Figure 3: Profile of BP, HR, proteinuria, and uNGAL/uCrea (different colour) by time (x) and altitude for participant 2.

diabetes-metabolism-different-colour

Figure 4: Profile of BP, HR, proteinuria, and uNGAL/uCrea (different colour) by time (x) and altitude for participant 3.

diabetes-metabolism-altitude-participant

Figure 5: Profile of BP, HR, proteinuria, and uNGAL/uCrea (different colour) by time (x) and altitude for participant 4.

Discussion

This is the first study investigating a urinary marker to evaluate the kidney damage in high altitude in T1D subjects. Recently several reports showed controversial results about the tubular markers, including uNGAL, and the kidney disease progression in diabetic patients. The study from T1D indicated that urine NGAL level correlated with albumin/creatinine. T1D patients with higher albuminuria had higher uNGAL levels, which suggested that elevated uNGAL values might indicate kidney damage [14].

In our study all participants showed a normal uNGAL/uCrea level during the time of the expedition, suggesting normal tubular renal activity. Moreover the absence of any significant proteinuria suggests a normal metabolic response at the high altitudes without evidence of glomerular damage.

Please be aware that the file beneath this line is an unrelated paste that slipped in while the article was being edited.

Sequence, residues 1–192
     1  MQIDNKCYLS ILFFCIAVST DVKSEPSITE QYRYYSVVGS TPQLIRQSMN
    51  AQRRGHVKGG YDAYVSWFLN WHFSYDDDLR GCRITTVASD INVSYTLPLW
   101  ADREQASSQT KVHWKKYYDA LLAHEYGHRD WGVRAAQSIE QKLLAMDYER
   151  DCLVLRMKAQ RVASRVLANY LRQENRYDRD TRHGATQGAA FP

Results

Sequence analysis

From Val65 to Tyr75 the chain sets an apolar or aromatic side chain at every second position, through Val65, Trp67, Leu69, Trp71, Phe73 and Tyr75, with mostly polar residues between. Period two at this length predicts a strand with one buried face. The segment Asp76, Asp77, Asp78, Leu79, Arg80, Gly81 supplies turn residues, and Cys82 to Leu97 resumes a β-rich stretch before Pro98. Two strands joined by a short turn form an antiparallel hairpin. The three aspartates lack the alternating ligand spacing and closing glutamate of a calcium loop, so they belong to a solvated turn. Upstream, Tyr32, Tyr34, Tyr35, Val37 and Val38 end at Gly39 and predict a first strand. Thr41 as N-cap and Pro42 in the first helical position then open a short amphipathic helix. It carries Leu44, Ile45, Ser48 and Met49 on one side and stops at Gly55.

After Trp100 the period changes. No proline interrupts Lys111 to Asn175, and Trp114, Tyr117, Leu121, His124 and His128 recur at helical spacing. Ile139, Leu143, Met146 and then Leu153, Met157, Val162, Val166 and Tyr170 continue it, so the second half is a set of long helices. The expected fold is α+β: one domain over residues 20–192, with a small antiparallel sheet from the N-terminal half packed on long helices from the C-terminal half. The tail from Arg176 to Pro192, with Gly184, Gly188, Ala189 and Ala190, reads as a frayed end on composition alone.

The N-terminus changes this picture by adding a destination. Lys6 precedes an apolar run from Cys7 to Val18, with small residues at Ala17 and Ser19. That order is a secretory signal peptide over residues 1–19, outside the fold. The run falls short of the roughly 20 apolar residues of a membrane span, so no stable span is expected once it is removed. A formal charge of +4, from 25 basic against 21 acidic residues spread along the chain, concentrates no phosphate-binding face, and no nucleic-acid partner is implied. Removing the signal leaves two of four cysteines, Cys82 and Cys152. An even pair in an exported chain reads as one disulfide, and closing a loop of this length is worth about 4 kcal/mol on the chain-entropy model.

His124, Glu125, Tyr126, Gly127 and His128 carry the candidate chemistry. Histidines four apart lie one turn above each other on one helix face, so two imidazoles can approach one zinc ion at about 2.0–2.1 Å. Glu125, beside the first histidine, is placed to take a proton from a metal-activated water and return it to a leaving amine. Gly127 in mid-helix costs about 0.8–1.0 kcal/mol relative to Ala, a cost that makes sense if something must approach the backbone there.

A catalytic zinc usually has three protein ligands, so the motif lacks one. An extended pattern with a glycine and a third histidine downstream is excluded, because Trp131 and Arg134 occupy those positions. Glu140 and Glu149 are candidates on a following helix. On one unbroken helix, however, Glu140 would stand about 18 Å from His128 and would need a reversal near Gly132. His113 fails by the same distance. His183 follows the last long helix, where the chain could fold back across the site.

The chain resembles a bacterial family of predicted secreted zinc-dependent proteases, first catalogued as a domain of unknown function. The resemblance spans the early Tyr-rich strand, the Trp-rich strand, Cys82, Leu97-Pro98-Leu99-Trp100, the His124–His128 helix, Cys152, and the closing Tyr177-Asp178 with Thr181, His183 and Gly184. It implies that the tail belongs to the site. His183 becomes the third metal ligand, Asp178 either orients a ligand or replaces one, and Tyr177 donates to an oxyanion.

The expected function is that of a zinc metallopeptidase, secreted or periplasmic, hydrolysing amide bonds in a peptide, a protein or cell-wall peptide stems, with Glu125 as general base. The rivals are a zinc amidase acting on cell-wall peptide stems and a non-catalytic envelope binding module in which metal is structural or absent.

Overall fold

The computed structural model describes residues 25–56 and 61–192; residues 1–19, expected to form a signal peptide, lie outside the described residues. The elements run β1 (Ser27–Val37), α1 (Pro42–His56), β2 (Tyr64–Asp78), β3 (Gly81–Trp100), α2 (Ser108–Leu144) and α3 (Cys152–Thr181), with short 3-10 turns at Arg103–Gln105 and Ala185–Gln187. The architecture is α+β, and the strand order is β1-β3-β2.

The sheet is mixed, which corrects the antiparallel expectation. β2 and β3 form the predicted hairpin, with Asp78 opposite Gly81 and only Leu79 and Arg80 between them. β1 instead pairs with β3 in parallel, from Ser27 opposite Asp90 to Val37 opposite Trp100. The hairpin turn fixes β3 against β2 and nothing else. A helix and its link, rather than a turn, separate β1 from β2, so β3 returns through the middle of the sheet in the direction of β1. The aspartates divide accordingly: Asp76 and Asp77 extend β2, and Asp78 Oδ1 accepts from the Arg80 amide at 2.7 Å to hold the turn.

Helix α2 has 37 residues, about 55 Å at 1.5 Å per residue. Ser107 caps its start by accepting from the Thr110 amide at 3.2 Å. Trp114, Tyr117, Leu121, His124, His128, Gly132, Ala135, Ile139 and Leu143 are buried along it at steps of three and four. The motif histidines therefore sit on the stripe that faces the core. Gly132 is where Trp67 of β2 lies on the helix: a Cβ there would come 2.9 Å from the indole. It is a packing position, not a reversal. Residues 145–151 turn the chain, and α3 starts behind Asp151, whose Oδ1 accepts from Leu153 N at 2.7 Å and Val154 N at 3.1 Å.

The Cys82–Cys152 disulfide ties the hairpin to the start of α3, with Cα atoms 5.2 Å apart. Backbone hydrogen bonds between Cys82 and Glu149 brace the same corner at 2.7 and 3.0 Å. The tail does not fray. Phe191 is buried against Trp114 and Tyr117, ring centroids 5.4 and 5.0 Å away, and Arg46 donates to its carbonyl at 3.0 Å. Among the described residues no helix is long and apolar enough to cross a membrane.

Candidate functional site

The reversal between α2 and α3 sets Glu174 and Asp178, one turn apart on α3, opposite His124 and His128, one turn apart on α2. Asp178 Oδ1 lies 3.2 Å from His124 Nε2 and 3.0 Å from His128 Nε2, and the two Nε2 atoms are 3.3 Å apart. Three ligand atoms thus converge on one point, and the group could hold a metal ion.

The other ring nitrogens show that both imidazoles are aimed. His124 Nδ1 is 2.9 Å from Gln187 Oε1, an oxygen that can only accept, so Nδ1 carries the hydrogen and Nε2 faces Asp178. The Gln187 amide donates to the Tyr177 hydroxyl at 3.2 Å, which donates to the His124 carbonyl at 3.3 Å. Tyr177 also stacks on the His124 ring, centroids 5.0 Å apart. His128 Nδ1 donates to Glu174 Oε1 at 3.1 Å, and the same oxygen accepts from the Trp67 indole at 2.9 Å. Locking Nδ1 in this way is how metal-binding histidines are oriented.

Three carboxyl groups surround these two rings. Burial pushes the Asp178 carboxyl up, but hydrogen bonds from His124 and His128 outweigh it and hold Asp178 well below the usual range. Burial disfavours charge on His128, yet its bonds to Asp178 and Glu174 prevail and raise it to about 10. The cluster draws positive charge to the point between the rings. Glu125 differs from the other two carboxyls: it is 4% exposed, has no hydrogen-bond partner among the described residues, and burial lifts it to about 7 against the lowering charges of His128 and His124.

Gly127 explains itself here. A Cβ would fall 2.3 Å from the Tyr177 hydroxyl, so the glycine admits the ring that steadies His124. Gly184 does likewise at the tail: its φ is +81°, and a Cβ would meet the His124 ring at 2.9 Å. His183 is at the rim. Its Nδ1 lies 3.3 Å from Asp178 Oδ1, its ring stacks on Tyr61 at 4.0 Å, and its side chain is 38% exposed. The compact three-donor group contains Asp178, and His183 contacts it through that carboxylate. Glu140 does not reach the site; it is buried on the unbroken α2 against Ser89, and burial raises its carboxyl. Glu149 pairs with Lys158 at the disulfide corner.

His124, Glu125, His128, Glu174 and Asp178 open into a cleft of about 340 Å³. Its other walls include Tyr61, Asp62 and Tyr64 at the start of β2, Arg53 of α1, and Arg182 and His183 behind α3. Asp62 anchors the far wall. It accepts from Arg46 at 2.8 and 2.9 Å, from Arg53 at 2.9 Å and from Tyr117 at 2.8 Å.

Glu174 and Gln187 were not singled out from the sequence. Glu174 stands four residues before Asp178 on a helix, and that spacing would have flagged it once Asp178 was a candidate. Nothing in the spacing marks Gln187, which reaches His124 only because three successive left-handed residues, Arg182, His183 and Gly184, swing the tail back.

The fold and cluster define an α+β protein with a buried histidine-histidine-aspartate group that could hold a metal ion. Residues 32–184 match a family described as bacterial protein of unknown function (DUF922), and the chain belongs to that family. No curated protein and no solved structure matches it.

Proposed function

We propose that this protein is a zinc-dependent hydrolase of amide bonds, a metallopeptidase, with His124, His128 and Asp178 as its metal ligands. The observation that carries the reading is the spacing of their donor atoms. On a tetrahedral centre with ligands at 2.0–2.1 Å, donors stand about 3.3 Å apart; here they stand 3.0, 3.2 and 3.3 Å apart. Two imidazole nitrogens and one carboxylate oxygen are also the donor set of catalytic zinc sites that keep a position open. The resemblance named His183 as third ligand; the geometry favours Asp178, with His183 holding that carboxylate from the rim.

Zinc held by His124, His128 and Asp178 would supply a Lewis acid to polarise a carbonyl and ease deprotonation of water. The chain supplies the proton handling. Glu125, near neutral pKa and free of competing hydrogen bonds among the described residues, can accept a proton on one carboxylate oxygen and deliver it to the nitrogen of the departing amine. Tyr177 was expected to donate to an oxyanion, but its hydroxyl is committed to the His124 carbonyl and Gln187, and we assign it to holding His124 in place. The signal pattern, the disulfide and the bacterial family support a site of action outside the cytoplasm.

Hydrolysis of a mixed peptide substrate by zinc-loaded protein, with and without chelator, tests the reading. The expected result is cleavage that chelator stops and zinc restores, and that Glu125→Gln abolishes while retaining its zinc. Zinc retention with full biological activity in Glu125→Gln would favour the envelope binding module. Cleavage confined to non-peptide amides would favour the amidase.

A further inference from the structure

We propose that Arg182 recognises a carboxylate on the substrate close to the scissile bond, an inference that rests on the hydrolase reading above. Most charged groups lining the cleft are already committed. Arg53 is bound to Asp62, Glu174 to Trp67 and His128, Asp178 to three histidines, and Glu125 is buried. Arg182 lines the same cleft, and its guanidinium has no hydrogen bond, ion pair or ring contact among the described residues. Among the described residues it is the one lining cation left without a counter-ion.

The participant 1 showed worts trend of SO2 (lower than 80%) compare with the other participants to the expedition, but the renal function was preserved despite the hyperglycaemia and hypoxia that usually play a critical role in the patogenesis of both AKI and CKD [15]. Probably, the hypoxia of participants 1 was due to hyperventilation (described into the questionnaire of LLS score) and difficult adaptation at high altitude.

The renal function in T1D participants was preserved despite the hyperglycaemia. In added none of the T1D subjects developed fresh retinal haemorrhages. Consistent with the changes observed in normal individuals, two of the major expeditions involving individuals with type 1 diabetes also report decreased glycaemic control, despite careful monitoring and appropriate changes in insulin dosing [16,17].

The training level is particularly important in this type of activity but despite that, the climbers could also present problems due to environmental local conditions.